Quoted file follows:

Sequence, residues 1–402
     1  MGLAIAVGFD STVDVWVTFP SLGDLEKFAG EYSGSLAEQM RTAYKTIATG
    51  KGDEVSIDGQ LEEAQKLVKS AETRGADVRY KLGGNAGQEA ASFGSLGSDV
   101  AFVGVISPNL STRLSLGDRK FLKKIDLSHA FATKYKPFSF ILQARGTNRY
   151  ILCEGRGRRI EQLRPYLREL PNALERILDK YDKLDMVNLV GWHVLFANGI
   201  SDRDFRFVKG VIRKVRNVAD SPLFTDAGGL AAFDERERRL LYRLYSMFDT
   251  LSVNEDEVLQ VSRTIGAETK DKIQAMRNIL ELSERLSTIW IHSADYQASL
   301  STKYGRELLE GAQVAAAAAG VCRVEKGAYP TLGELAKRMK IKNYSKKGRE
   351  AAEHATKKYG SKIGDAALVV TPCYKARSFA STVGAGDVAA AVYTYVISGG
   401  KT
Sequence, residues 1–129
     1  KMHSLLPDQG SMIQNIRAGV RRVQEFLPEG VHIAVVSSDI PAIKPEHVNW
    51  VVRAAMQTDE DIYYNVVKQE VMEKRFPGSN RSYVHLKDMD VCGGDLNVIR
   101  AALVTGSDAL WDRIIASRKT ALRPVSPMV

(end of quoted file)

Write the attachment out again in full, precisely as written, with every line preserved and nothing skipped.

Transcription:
Sequence, residues 1–402
     1  MGLAIAVGFD STVDVWVTFP SLGDLEKFAG EYSGSLAEQM RTAYKTIATG
    51  KGDEVSIDGQ LEEAQKLVKS AETRGADVRY KLGGNAGQEA ASFGSLGSDV
   101  AFVGVISPNL STRLSLGDRK FLKKIDLSHA FATKYKPFSF ILQARGTNRY
   151  ILCEGRGRRI EQLRPYLREL PNALERILDK YDKLDMVNLV GWHVLFANGI
   201  SDRDFRFVKG VIRKVRNVAD SPLFTDAGGL AAFDERERRL LYRLYSMFDT
   251  LSVNEDEVLQ VSRTIGAETK DKIQAMRNIL ELSERLSTIW IHSADYQASL
   301  STKYGRELLE GAQVAAAAAG VCRVEKGAYP TLGELAKRMK IKNYSKKGRE
   351  AAEHATKKYG SKIGDAALVV TPCYKARSFA STVGAGDVAA AVYTYVISGG
   401  KT
Sequence, residues 1–129
     1  KMHSLLPDQG SMIQNIRAGV RRVQEFLPEG VHIAVVSSDI PAIKPEHVNW
    51  VVRAAMQTDE DIYYNVVKQE VMEKRFPGSN RSYVHLKDMD VCGGDLNVIR
   101  AALVTGSDAL WDRIIASRKT ALRPVSPMV